9 Things I Bring to Hostels to have an Infinitely Better Experience

by voyageurtripper

Hello everyone! On my last weekend trip I stayed at a really cozy hostel in Banff, Alberta, Canada. It had been almost 5 months since I’d last stayed in a hostel and although it was a pleasant experience, I had completely forgotten to pack a few of my favourite hostel essentials. So in the midst of my struggles, I vowed to write a post the moment I could outlining my hostel essentials (both so that you can them use during your trip, and so I can refer back to this when I’m packing for one my next one).

Head Lamp

Whether you’re an early riser or a night owl, this makes sneaking around your hostel rooms while others sleep much easier. Plus, say you want to do a sunrise hike – you’ve got a headlamp to illuminate your trail!

Word Combination Lock

Similar to the above, when you’re trying to be extra quiet rummaging around your hostel room it helps to have an easy to open lock. Personally, I’m terrible at the traditional combination locks. I end up getting frustrated and it’s never a good time. I’m also reluctant to use a key padlock because I’m worried I’ll lose the key and then where will I be. So I now use a Word Combination Lock (if you’re not sure what that is you can check out a word combination lock here).

Metal Wire or Chain

I don’t really know what these are officially called, but one came with my PacSafe backpack (until it got lost oops) and it came in handy when I was staying in hostels that didn’t have lockers. I put the wire around the bed frame (or anything large and fixed) and then through my backpack straps. I closed the lock around my zippers and the wire and everything was very secure.

The first hostel I ever stayed at was in Costa Rica. It was $13 a night and didn’t have lockers, so the combination lock + metal wire was super important. I secured all my bags to the bed post when I was out during the day or sleeping at night.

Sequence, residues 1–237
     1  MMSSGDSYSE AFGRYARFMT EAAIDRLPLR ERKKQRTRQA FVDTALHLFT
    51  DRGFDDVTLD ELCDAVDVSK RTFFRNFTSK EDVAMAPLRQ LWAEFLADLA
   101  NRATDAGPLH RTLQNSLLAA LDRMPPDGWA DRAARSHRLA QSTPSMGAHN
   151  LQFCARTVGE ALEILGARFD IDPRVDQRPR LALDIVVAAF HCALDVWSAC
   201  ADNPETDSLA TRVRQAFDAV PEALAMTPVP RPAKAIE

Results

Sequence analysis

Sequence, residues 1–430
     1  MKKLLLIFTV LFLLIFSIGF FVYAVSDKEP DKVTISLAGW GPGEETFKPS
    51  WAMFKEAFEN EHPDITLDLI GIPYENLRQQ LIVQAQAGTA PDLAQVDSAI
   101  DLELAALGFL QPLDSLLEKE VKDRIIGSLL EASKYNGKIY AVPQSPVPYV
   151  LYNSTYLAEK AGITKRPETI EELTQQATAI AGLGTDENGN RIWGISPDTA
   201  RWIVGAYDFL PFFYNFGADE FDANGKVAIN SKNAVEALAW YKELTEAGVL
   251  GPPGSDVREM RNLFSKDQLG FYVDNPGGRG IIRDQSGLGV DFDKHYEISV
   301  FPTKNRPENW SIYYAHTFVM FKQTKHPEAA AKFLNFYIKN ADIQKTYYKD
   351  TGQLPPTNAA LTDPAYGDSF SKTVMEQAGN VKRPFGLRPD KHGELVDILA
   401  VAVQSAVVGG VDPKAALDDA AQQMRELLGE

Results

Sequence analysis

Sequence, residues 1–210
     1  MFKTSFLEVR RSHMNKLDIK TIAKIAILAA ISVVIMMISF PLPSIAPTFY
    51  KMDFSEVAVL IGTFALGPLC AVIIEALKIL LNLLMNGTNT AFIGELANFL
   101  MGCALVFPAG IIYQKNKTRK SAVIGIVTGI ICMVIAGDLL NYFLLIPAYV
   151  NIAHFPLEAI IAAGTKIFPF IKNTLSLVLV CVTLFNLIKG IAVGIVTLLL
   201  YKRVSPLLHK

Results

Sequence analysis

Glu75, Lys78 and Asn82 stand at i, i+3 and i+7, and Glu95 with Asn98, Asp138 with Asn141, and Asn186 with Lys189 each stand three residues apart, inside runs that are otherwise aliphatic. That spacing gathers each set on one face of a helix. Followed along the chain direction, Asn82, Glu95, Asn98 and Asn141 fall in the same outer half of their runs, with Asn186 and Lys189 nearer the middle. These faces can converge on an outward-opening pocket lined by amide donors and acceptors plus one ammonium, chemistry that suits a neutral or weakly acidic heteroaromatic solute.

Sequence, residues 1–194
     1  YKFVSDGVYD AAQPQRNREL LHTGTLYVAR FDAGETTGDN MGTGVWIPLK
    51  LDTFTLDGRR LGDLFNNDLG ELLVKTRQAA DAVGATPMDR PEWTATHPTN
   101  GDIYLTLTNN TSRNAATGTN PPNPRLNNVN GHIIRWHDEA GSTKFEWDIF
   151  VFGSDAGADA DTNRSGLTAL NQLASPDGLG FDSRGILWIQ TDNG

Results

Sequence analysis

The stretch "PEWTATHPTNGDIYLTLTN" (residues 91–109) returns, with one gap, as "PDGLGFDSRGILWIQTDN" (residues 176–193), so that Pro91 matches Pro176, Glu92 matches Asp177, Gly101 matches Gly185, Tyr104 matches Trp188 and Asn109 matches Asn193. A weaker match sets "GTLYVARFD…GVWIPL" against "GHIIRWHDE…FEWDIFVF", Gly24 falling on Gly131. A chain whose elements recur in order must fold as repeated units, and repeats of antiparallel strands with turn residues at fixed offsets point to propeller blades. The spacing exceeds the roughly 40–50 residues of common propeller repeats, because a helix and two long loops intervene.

Eye Mask (or a Buff)

I always try to travel with an eye mask, but I very often for get or misplace it. (In fact, I am currently in this situation. I swear I packed it!) In it’s place, I fold my buff over like it’s a headband and place it over my eyes. I’ll admit that it takes some getting used to, and I’m recommend a sleep mask over it. But if for some reason you find yourself without one, a buff does the trick.

Spices

If you’re staying in hostels, I’ll assume you’re doing at least some of your own cooking. One thing I’ve found to be helpful is to pack a bunch of spices in little bags so that I don’t have to buy them in containers at the grocery store. This saves both space and money!

Flip Flops (for more than just the shower!)

Yes, flip flops are great for hostel showers. However, I’ve also found them to be nice for just walking around the hostel. After a full day of exploring a city or hiking a trail, I always want to get my boots off as soon as I possibly can. Flip flops mean I don’t have to put the boots back on when I’m going to make food. Also, they’re relatively easy to pack.

The second hostel I ever stayed at was in Copenhagen. The day I was flying out I made a last minute run to pick up flip flops and they ended up being so useful! After a full day of walking it felt so nice to put them on.

Plastic bags

Ever had to put wet clothing or gear into your suitcase or backpack? I have and unless you have something to put them in, it’s really uncomfortable. I’m currently on the hunt for a sustainable substitution for plastic bags, but at this time, I typically keep a few plastic grocery bags in my backpack.

International adapter with USB ports

When there’s multiple people sharing a room, electrical outlets are at a premium and you’ll likely only get to use one at any given time. I use an adapter that has a regular three prong socket (for either my camera or my laptop) and two USB ports (for my phone and my power bank). Even when I’m traveling within North America I use it because it’s so handy.

Carabiners

In all the travel tips research I have done, I have never seen someone recommend a carabiner and that seriously astounds me! I ALWAYS have a carabiner on me. Want to attach your water bottle or shoes to your backpack? Carabiner. Worried about losing the keys to your rental car? Carabiner. Need to hang up bathing suit but don’t have a close line? I swear by it, use carabiner! Literally the most versatile piece of metal you will ever owned. You also don’t need one of the massive, fancy, expensive ones for it to be sturdy and effective. I have a few of these Black Diamond ones and I think they work wonderfully.

Have you used any of these tips? What would you add?

It’s amazing how much my traveling style has changed over the years. Nowadays I would never bring so much cotton with me or wear such light colours. But hey, you live and you learn!

 

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